What is the House N?
The choice of location for the House N project is quite symbolic as it sits at the center of an area that is practically dominated by 2-storey, pitched tiles roof, timber huts. To passers-by and everyone who sees it, the question is ‘who lives there?’. The answer to that question is simple – everyone.
According to the words of the designer, the house will be forever young since that is how it looks. The structural design engineer, Sou Fujimoto thought out the project when a couple asked him to recreate their home the simplest way he could.
A bit of an elderly couple, having lived in their current house for over 30 years, the designer took this as an opportunity to use simple forms as the answer to modern but complex needs.
Collaboration with Ryue Nishizawa
A white house in its own right, the House N is just one among many projects that point to a type of modern expression in a completely new direction.
Formerly keen on embracing indigenous housing designs as part of his art, Fujimoto created House N with inspiration from a friend, Ryue Nishizawa1. While Nishizawa uses space as an open canvas, Fujimoto creates an inverse impression.
The location of the house
If you wonder why the house is not on a site of its own, you must be unfamiliar with Japan’s strict plot ratio guidelines. To keep in line with regulations, the roof plan on House N was measured to keep it below the 75 percent maximum. The structure of pure white stands along a street where the rest of the buildings are rugged and blunt. It must create quite an interest.
A distinct boundary is nowhere to be found, except for a gradual change in the domain. One might say that an ideal architecture is an outdoor space that feels like the indoors and an indoor space that feels like the outdoors. In a nested structure, the inside is invariably the outside and vice versa. My intention was to make an architecture that is not about space nor about form but simply about expressing the riches of what are `between` houses and streets.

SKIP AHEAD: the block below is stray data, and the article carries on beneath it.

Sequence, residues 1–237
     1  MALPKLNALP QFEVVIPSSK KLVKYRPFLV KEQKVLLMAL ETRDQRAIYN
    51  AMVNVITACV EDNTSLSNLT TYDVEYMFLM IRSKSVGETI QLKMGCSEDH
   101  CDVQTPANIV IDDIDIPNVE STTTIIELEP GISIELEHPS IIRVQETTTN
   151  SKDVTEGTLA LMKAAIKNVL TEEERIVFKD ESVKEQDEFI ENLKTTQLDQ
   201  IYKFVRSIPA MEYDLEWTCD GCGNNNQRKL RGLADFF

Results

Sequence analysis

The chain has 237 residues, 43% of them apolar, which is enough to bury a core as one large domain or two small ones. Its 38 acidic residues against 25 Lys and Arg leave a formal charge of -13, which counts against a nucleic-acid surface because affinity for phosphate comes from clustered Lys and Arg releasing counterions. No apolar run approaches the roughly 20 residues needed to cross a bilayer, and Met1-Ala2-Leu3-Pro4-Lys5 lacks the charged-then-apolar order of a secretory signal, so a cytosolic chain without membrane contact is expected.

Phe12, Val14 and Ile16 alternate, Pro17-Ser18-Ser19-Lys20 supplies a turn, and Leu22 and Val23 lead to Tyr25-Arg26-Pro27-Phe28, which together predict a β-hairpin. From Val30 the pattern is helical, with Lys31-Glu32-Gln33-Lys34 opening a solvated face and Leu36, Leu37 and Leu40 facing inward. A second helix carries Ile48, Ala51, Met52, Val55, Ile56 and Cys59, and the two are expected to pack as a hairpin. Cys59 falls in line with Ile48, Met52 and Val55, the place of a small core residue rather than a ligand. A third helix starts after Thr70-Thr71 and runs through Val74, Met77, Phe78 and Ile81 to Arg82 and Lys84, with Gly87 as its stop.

A hybrid of boxes
To stay away from the idea of having the house as a stand-alone project, Fujimoto made it a hybrid of boxes. The three boxes are in series and the symbolism is simple; domestic, interior and enclosure realms. The outermost box occupies the site and, from the outside, could be taken to the only structure. Well, it does have apertures but without glazed windows.
Notice that it has two floors? The second box seems to have been hand placed by hand within the first, but it has glazed apertures. Further inside is the third box, which is designed to offer a domestic experience to visitors. Timber is the primary material at this level, but the rendering was done using rough material.
- Site area: 236.57㎡
- Built area: 150.57㎡
- Total floor area: 85.51㎡
Video: House N by Sou Fujimoto
House N is the perfect example of harmony between the inside and outside. Although there are no clear boundaries to show where each level ends or starts, nature is allowed inside anytime.